Dr. Seuss books rarely are challenged by library patrons across the nation, she said. The association’s list of top 100 challenged books between 1990 and 2019 did not include one Dr. Seuss title.

In Oregon, no Dr. Seuss book has been removed from library collections because of patron challenges.

One challenge that got a lot of media attention came in 1989, when the Laytonville, California, Unified School District in Mendocino County dropped Dr. Seuss’ “The Lorax” from its elementary school environmental curriculum because of complaints from the Northern California timber industry. Logging business leaders replaced the book with a timber-friendly text.

Finding the right balance

Portland-area librarians have become adept at working with the public on material some find offensive or objectionable. Each year, libraries field public complaints about books, movies, magazines and other material. In most cases, the material is not removed from public circulation. Librarians usually work with people who complain about material to find solutions short of dropping items from circulation.

Libraries plan to rely on that experience when it comes to the six Dr. Seuss books in their collections. Shawn Cunningham, director of communications and strategic initiatives for Multnomah County Library, said Portland-area library branches would stay true to their “core value” of intellectual freedom.

“Multnomah County Library Director Vailey Oehlke has affirmed our library’s commitment to dismantling systemic racism and oppression,” Cunningham said.

Oregon City Public Library has two of the Dr. Seuss titles that will no longer be sold or licensed. (Courtesy/Portland Tribune)

Multnomah County Library operates the Central Library and 18 neighborhood branches. It has about 2.5 million books and other material in its collection. The libraries have more than a dozen print copies of each of the six Dr. Seuss books, Cunningham said.

Oregon City’s Public Library also plans to “generally follow both national standards and local policies to help inform and guide their response to situations like this, particularly when involving issues of intellectual freedom and censorship,” said Library Director Greg Williams.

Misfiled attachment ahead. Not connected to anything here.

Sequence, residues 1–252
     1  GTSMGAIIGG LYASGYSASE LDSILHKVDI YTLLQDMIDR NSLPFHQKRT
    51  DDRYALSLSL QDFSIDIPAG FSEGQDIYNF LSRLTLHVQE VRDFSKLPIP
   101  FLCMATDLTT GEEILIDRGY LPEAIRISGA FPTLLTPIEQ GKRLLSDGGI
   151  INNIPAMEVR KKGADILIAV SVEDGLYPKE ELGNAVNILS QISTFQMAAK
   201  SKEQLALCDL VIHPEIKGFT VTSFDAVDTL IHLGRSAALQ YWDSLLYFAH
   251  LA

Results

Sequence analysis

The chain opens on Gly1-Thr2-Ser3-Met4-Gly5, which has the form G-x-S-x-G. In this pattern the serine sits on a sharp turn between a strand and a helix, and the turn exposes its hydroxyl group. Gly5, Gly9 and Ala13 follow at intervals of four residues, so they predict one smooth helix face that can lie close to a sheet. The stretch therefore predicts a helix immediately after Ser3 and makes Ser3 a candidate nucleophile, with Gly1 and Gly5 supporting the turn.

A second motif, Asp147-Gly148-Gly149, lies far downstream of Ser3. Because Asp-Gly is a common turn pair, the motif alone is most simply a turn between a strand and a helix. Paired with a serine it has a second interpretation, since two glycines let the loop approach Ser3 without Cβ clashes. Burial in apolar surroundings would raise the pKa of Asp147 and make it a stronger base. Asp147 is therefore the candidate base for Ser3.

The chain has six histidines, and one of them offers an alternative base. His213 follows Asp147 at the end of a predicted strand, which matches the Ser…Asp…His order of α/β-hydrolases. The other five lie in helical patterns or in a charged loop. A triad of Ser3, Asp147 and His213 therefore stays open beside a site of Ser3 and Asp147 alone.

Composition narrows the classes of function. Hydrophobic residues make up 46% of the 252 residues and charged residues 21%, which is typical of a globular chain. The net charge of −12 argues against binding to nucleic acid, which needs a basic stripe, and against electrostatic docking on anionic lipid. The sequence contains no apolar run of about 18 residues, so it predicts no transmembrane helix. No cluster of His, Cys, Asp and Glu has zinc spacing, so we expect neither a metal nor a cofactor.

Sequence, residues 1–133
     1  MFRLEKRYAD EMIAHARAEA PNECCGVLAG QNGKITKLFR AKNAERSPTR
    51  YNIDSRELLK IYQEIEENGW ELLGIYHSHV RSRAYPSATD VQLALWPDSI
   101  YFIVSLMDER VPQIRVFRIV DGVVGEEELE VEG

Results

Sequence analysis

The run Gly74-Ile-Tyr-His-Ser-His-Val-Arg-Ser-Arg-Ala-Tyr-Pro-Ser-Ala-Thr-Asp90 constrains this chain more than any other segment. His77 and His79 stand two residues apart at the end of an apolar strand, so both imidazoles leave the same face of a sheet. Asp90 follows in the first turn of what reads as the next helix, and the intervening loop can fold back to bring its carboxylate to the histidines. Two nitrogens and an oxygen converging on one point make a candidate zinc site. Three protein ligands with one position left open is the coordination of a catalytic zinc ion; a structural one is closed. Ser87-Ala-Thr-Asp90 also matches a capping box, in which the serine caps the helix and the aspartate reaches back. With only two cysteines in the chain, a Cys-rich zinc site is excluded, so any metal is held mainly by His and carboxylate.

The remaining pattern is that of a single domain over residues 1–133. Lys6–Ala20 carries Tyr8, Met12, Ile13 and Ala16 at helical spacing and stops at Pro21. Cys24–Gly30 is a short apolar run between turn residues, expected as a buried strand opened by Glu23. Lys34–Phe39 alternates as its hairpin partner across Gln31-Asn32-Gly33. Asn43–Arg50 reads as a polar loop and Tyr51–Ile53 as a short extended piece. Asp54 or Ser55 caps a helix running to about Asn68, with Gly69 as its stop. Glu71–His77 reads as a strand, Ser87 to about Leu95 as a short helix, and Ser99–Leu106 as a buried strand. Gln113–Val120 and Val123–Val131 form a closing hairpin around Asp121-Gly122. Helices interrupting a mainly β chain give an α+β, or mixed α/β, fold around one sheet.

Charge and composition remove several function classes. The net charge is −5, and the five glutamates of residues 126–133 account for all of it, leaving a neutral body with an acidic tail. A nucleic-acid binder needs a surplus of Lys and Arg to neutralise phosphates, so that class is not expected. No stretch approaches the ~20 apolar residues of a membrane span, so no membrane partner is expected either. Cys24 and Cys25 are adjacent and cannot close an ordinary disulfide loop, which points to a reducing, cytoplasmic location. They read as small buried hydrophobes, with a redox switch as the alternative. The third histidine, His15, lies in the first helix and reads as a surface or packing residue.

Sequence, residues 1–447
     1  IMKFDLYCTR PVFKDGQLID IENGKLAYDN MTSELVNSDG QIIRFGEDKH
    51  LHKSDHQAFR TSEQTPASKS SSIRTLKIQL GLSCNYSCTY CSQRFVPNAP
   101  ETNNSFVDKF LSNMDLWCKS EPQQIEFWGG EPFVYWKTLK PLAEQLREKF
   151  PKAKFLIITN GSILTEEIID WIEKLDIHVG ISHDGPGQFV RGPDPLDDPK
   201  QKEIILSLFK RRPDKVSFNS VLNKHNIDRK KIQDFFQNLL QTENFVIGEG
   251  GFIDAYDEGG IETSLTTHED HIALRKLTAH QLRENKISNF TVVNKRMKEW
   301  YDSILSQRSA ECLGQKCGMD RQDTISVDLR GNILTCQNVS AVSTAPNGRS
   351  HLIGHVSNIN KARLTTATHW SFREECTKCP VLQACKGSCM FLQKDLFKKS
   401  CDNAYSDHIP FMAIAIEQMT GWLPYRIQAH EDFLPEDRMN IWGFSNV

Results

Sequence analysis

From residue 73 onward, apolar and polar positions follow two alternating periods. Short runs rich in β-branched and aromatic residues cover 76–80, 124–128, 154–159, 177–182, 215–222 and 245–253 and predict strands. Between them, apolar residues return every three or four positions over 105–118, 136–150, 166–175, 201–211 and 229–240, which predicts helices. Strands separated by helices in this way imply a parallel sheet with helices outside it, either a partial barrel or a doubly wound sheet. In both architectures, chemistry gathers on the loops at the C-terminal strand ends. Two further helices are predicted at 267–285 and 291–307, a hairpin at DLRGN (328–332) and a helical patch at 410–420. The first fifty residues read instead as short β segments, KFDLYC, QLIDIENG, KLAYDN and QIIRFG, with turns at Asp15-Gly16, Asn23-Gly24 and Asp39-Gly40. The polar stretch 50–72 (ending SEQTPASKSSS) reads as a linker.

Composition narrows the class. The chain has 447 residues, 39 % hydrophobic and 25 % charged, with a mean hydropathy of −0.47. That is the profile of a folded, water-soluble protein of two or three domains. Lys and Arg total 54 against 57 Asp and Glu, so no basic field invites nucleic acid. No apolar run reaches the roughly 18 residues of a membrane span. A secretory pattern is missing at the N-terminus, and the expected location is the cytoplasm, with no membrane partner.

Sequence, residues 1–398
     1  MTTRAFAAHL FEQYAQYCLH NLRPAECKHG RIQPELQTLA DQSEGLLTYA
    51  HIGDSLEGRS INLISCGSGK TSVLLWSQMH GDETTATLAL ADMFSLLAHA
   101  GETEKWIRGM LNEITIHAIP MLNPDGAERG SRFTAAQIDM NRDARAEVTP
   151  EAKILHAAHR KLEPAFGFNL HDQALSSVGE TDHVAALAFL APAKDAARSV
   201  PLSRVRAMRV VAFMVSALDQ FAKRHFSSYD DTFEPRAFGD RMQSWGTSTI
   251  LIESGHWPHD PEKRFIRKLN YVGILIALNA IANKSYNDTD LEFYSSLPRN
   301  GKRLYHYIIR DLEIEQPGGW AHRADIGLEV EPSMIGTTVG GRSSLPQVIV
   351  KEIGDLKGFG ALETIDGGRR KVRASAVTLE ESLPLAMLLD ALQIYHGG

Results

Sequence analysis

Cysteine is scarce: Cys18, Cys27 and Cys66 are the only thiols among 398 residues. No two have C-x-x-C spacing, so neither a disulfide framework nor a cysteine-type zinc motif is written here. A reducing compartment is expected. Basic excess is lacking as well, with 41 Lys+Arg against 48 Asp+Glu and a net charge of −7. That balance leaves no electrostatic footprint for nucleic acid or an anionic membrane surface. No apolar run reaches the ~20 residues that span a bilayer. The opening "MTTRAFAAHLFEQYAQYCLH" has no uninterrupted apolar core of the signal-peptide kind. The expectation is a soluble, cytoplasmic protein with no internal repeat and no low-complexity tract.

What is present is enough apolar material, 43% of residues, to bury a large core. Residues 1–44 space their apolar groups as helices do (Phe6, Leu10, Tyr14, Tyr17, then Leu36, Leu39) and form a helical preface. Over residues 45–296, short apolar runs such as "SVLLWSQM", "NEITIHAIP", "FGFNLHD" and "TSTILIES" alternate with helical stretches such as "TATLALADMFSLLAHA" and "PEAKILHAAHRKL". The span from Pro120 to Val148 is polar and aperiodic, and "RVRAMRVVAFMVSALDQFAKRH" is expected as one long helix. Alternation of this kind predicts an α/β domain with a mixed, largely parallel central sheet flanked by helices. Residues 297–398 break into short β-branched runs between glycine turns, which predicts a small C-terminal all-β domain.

“The Oregon City Public Library currently owns two of the titles that Dr. Seuss Enterprises will no longer publish or license,” he said. “In accordance with our collection development policy, our copies of these titles will remain in the collection until they meet the criteria for removal due to physical damage or low circulation.”

In Washington County, Tattersall said individual branches would make decisions about whether to keep the books on their shelves. Most will keep them until they become too worn or damaged, she said, something they normally do as part of collection development policies.

“It’s in the news right now so it’s hot on people’s minds,” she said. “This is not a new thing for us.”

Librarians are practiced at talking with their communities about all sorts of issues, Tattersall said. So, this could be a good thing.

“Libraries have long been controversial at times because they have something on the shelves that offends someone,” she said. “On one hand we have (a) commitment to intellectual freedom, but also our society has a history of racism. It’s something each library has to decide by listening to their communities. We have to be open to everyone. It’s that balance that each library needs to respect.”